There is a lot of noise out there about digital marketing, social media marketing, content marketing, branding and innovation. You could read 100s of blogs and just as many books, and still feel like you are missing something. This is because you’re reading about methodologies and strategies, but because these aren’t anchored in real-life examples, nothing is really gained.
So we’re going to flip the model. So instead of talking about the these topics, I’m going to show you 5 real companies in realtime who are doing it well. Today I want to introduce you to five creative, innovative companies. Read or listen!
1. Poler Stuff
How weird is Poler Stuff?
- That Name – They have the word “stuff” in their name.
- That Logo – Their logo is a crude drawing of an eye on top of a mountain.
- That Sleeping Bag / Jacket – Their #1 product is a sleeping bag jacket called a Napsack. A snuggy for hipsters in frigid climates.
- That Pattern – Their tents and camping jackets have outrageous graphical patterns.
If you noticed that Poler Stuff has a lot of the same attitude of brands from skateboarding and surfing, you are correct. This was a key part of their original story–let’s bring some of the excitement of board sports into the world of camping.
Don’t dismiss Poler Stuff because they are different. They’ve gone from 0-60 in less than 10 years. Their product offerings are expanding. They’ve collaborated with Nike, Pendleton Blankets, RAINBRO, and Girl Skateboards.
2. Madsen Cycles
For years, there were only two options for fit parents who want to take their kiddos on a bike ride:
- Bike Trailer – only solution for parents was to pull a bike trailer behind your beach cruiser and mountain bike. The bike trailer is a reasonable solution, but the kids miss the most fun parts of riding a bike–wind in their hair and the ability to look around and soak up the scenery.
- Car Seat for the Bike – Another option for young children is the child seat suspended above the rear fender. Cute and all, but this setup could go horribly wrong because of the high center of gravity.
What’s a parent to do? Is there something better?
Madsen Cycles offers a simple, almost obvious solution: stretch the bike and slap on a box. Unlike the bikes where your child sits up in a car seat just behind you, the Madsen bike has a low center of gravity. Kids can climb in and out without any drama. And their ride is more fun too.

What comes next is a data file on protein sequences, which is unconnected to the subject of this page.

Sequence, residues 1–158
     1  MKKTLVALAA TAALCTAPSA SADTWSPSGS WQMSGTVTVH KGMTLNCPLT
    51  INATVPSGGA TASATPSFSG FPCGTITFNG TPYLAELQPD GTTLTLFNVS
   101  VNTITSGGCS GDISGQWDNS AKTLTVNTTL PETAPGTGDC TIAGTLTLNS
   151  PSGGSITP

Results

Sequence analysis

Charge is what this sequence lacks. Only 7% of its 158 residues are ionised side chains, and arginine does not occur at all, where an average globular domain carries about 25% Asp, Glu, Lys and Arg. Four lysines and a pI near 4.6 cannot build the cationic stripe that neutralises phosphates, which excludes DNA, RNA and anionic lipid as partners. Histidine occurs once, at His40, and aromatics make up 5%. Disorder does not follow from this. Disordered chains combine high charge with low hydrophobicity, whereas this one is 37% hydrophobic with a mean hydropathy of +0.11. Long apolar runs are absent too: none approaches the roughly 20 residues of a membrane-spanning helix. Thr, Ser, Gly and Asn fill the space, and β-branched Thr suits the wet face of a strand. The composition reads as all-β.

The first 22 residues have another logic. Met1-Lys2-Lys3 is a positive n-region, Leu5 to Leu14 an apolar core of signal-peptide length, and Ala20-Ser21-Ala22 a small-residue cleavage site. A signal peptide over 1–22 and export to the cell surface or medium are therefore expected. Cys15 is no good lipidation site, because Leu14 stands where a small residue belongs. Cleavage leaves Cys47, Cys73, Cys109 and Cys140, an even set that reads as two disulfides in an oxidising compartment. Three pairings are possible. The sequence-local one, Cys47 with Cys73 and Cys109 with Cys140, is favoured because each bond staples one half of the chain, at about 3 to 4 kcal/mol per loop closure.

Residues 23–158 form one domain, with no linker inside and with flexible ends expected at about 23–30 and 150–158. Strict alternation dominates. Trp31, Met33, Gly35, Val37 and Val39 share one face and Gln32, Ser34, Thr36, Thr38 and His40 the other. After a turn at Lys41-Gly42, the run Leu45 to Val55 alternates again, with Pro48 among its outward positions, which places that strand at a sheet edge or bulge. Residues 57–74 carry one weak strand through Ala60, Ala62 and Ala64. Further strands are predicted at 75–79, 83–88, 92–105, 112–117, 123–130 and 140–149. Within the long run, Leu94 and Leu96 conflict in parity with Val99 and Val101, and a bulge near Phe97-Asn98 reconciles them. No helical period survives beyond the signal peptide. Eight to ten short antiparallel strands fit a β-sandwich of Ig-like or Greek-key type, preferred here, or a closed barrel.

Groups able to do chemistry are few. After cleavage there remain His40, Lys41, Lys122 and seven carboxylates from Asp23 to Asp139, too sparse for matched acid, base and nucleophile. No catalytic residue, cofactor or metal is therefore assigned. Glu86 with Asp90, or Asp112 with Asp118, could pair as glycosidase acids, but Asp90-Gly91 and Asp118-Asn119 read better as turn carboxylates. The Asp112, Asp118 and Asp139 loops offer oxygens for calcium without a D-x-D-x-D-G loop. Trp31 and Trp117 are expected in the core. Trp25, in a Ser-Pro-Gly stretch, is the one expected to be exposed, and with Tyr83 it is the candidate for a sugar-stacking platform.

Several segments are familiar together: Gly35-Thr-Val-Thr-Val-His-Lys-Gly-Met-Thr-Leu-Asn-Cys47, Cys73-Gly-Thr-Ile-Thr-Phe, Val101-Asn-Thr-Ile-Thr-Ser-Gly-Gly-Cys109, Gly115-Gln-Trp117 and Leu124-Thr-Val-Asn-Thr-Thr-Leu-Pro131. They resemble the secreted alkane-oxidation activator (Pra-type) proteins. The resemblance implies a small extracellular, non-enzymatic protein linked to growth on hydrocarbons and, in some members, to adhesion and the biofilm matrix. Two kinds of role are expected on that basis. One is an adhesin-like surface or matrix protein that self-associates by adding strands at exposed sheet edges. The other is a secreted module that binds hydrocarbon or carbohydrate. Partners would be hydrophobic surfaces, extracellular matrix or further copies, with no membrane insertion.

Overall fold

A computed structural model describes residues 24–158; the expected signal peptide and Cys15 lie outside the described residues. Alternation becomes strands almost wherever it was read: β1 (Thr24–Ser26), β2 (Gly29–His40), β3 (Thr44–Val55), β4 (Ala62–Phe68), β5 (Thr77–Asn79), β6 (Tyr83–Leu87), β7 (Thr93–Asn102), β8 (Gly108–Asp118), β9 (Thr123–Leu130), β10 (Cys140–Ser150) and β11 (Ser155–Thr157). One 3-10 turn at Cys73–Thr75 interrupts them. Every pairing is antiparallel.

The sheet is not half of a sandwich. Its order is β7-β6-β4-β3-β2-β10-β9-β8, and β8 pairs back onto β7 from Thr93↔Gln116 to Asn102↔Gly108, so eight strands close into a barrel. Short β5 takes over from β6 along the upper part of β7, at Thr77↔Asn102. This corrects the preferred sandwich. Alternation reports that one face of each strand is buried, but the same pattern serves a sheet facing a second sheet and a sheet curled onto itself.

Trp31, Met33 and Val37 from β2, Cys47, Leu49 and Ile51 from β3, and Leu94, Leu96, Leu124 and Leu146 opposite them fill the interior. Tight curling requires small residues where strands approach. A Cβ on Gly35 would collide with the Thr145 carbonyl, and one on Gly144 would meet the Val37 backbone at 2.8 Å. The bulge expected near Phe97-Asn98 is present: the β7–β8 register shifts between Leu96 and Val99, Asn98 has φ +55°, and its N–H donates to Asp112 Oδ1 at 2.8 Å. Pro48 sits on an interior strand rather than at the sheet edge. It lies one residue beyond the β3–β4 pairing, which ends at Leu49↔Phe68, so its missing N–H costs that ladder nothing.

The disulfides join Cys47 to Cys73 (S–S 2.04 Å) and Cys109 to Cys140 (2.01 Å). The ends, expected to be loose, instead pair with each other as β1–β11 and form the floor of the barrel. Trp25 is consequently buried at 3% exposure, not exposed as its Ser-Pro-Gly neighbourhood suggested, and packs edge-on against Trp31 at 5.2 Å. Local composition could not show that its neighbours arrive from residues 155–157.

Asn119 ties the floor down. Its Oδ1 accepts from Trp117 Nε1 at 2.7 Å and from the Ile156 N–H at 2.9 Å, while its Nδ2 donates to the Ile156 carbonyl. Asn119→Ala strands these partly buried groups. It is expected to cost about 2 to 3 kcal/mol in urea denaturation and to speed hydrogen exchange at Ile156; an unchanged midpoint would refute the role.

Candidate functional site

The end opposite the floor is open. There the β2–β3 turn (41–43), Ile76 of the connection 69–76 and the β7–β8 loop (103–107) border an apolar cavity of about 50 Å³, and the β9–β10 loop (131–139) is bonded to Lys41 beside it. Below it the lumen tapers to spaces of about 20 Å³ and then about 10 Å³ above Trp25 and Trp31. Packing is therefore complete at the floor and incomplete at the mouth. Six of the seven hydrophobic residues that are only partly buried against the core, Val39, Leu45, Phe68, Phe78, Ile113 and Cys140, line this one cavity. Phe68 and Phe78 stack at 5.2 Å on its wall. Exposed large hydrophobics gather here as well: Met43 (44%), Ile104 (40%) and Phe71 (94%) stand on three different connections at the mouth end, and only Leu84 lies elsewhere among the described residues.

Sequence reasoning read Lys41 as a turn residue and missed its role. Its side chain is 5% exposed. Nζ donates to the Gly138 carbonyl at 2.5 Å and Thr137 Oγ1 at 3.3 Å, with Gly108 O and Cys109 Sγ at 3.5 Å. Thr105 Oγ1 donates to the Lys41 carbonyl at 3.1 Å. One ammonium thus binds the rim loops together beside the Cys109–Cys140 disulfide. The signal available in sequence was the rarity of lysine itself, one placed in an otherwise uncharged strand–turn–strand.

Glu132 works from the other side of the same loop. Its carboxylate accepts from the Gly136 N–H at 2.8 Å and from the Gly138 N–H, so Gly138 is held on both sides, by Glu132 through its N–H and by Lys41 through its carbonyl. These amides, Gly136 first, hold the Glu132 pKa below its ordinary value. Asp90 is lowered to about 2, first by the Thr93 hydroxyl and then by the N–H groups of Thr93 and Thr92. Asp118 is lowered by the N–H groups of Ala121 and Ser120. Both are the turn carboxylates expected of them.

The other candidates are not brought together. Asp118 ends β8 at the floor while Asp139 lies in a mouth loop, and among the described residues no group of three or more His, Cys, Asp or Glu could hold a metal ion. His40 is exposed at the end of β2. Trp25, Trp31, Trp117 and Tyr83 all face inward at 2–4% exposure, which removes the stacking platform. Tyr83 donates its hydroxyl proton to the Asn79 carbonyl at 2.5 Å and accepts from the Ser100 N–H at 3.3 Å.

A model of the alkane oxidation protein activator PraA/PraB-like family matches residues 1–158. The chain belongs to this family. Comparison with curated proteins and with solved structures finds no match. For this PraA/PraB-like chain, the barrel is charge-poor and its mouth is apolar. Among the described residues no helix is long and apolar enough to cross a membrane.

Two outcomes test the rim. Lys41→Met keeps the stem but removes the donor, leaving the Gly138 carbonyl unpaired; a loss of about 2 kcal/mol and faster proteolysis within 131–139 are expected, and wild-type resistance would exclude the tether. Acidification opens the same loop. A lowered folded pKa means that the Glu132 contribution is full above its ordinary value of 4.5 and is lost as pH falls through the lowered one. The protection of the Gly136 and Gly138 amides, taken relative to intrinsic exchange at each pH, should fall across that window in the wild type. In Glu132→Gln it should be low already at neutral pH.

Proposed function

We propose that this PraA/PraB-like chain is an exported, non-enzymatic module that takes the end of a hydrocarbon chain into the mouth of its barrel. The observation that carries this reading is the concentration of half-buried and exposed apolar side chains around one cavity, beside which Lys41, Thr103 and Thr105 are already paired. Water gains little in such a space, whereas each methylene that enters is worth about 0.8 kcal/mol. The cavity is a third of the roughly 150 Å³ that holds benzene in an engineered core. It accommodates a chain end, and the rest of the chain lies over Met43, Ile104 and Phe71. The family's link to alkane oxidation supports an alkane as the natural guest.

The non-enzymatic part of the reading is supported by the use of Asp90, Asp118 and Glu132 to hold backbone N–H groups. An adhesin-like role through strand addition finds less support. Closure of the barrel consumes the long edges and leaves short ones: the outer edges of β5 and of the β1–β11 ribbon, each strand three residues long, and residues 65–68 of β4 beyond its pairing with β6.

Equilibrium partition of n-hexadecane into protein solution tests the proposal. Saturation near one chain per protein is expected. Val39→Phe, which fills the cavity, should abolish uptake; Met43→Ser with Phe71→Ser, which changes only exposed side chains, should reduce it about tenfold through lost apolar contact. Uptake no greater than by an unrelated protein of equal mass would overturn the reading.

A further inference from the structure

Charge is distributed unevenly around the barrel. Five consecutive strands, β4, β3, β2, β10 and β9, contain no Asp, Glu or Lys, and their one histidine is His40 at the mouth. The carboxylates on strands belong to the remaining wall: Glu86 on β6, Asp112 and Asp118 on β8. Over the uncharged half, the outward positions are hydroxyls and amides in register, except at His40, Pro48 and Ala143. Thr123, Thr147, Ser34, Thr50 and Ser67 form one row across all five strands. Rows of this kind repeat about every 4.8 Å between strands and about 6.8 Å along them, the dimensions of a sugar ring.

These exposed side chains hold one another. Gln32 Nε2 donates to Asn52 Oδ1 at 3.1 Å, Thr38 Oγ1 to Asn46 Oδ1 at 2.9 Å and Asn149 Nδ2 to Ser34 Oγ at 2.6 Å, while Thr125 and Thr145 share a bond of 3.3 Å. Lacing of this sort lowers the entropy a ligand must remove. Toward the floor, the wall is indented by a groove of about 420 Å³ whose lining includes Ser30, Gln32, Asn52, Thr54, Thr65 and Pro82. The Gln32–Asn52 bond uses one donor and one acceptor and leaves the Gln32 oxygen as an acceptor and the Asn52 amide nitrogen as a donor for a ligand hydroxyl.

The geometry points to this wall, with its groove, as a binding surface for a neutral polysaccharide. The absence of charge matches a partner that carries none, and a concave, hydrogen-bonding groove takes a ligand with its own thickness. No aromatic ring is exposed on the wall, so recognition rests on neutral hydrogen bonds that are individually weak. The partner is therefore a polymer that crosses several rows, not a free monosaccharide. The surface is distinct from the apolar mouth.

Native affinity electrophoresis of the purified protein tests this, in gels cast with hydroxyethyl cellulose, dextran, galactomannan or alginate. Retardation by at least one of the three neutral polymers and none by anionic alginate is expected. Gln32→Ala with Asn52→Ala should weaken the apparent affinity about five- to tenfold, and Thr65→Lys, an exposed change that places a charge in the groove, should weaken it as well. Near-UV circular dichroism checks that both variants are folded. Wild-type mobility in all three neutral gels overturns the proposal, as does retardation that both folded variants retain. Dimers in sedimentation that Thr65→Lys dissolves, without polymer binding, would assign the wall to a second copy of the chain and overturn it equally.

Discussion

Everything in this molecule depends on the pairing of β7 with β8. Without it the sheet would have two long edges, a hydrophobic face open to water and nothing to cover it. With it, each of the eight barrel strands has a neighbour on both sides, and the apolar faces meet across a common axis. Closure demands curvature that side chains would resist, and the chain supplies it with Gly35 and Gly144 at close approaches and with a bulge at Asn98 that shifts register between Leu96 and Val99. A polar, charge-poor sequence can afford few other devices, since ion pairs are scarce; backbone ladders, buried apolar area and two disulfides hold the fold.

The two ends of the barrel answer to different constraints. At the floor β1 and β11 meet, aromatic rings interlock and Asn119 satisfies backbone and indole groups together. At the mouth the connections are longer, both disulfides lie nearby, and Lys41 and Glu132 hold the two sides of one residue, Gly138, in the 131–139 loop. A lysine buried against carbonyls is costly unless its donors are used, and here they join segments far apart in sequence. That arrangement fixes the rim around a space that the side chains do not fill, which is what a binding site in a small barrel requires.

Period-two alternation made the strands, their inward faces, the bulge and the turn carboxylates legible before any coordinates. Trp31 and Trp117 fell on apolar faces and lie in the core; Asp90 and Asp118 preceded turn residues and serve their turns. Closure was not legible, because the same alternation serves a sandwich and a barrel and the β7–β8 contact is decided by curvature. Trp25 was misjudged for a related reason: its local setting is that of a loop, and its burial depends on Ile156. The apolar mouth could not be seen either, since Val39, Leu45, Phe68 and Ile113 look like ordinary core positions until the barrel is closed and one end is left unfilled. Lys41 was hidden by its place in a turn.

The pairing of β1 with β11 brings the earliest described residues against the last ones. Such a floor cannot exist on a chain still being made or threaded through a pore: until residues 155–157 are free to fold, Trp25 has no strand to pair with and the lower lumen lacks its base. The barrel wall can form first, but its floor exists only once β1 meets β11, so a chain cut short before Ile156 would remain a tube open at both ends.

Don’t you want one? Their website is like staring at an open box of chocolates.
- It goes old school with its fuel: TWIGS!
- …but it burns cleaner and hotter than a campfire.
- …and it charges your phone at the same time.
Did I mention that BioLite is based in Brooklyn in the NYC metroplex? They act more like a tech startup than a camping gear company.
Also, Bio Lite is working to help impoverished people in the Third World have clean energy and a way to charge their devices when the electrical grid is far away.
Spend a little time on their website and you’ll see that they’re producing innovative products that might motivate you to go camping this weekend, just so you have an excuse to buy a BioLite.
4. Deus Ex Machina
Deus created the *new cool* by combining three lifestyles: surfing, vintage cars / motorcycles, and coffee. That’s right–coffee. Their stores are also coffee shops.
Deus keeps it all together with a vintage, timeless appeal. It’s as if they hand-picked the coolest stuff from the last five decades and wove into a perfect vintage.
If you are a little skeptical of Deus, that’s understandable. You could argue that they lack focus. But spend a little time looking at their motorbikes, surfboards, or clothing, you’ll see that there’s something new going on here that’s irresistable.
5. Yeti Coolers
When was the last time anyone ever got excited about a cooler? Other than cup holders, and maybe your favorite sports team logo on the side, coolers have pretty much remained the same for decades. Cheap, light, and boring.
Then in 2006 when brothers Roy and Ryan Seiders dreamed of a cooler that they always wanted but nobody was making. It would be indestructable and keep food and drinks cold with freakesh effectiveness.
Now here we are 10 years later, and people are lining up to pay $500 for an ice chest.
I expect great things from YETI.
Next on the Blog
In the next three blogs, we’re going to deconstruct these five brands and learn from their successes.
- How were they able to disrupt industries and surprise competitors?
- What is the market value of collaborations, and which collaboration strategy is the right fit for your company?
- How were these brands able to build a Tribe and usher in an ad-free era of marketing?